By Ashley Robinson
The January issue of VSCNews magazine will be the blueberry grower’s handbook heading into the 2021 season.
Chilli thrips are a growing threat for blueberry growers. Without proper management of the pest, overall plant vigor and yields can be affected. Oscar Liburd, a professor at the University of Florida Institute of Food and Agricultural Sciences (UF/IFAS) in Gainesville, Fla., shares conventional and organic management tactics that growers can implement to help control these pesky pests.
UF/IFAS has unveiled its newest blueberry variety, Sentinel, named in honor of UF alumna, Alto Straughn. It is a low-chill southern highbush variety and offers increased yields for growers. Brad Buck, UF/IFAS public relations specialist, mentions that Sentinel was ranked “high” in flavor among flavor panels.
America was built on its rich agricultural history. Ryan Atwood, co-owner of H&AFarms in Mt. Dora, Florida, shares the struggles blueberry growers faced in 2020 and growers’ optimism for the year to come. Atwood also discusses the increasing Mexican blueberry volume during the Florida harvest window and its impact on the U.S.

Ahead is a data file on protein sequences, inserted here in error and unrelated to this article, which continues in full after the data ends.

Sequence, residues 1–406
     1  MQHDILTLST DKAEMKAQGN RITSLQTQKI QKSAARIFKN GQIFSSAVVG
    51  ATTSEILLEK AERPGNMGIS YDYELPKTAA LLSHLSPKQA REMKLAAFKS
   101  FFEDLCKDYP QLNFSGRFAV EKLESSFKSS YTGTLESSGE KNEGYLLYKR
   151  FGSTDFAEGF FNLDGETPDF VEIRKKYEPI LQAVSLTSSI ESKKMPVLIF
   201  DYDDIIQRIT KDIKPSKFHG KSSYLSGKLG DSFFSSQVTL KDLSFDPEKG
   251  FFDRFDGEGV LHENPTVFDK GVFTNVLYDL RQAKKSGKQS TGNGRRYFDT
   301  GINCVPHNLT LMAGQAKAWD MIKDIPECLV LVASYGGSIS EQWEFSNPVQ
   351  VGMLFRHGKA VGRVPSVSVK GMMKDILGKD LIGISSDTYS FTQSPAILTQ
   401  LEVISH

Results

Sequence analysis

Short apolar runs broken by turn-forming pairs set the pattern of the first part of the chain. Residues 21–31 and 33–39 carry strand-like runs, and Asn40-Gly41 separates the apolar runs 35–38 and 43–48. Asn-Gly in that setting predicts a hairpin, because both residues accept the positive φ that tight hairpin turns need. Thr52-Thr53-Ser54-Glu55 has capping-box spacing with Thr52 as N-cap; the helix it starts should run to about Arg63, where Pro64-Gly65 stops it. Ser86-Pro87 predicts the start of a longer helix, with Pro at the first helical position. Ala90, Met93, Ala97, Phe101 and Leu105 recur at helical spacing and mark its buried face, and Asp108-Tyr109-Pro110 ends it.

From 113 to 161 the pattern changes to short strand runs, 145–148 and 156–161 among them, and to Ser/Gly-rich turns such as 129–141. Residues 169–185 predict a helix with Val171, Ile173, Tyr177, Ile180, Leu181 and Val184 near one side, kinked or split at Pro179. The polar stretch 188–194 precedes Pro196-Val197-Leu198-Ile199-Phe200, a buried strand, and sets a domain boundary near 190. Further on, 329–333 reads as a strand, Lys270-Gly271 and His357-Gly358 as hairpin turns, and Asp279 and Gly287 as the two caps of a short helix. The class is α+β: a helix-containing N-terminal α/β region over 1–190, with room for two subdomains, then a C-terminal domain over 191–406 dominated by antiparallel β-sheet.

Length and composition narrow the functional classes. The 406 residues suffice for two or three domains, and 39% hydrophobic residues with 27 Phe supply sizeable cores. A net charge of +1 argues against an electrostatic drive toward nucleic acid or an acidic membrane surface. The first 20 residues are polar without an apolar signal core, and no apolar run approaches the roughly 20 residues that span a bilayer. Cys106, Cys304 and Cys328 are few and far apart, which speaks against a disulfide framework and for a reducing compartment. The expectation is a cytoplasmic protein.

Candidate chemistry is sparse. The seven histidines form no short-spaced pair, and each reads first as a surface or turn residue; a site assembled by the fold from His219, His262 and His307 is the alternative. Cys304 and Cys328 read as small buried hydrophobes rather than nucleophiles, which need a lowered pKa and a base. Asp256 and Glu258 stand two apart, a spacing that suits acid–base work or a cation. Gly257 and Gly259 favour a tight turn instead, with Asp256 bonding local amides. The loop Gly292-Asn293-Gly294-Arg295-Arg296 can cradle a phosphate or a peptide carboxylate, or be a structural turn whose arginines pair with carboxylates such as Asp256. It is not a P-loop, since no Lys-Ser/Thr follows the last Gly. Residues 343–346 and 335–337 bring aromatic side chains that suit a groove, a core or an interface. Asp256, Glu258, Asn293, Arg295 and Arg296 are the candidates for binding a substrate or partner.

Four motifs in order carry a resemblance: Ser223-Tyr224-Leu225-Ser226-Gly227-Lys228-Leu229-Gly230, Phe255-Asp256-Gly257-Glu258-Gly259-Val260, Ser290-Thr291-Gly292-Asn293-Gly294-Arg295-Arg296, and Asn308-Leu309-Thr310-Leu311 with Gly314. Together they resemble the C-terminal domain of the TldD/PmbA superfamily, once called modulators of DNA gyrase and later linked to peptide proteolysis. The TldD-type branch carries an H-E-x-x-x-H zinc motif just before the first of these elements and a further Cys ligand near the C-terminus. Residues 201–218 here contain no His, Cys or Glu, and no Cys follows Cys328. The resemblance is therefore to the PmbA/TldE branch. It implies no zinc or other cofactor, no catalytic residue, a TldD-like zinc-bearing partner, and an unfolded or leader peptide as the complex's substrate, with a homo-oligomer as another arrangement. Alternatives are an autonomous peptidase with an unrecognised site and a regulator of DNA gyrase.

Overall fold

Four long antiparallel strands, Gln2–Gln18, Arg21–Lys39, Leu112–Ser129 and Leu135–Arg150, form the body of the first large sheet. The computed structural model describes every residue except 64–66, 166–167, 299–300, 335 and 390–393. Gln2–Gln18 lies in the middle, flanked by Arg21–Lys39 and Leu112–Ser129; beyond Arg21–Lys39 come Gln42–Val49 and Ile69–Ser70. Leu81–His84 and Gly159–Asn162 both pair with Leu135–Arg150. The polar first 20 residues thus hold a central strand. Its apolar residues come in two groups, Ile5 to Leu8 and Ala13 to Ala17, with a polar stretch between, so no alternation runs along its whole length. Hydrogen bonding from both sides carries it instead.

In 2020, mild winter conditions followed by a wet spring contributed to the development of significant disease issues on Georgia blueberries. Jonathan Oliver, an assistant professor at the University of Georgia in Tifton, Georgia, updates Georgia growers on disease management strategies.
Outside of the blueberry spotlight, Kimberly Morgan, an associate professor and Extension economist, and Tara Wade, an assistant professor, both at the UF/IFAS Southwest Florida Research and Education, share how growers could benefit from enterprise budgets.
Morgan is also joined by Jessica Ryals, a sustainable food systems agent for UF/IFAS, for another article in this month’s issue. These two discuss how an imperfect market system can yield profitable market opportunities for growers.
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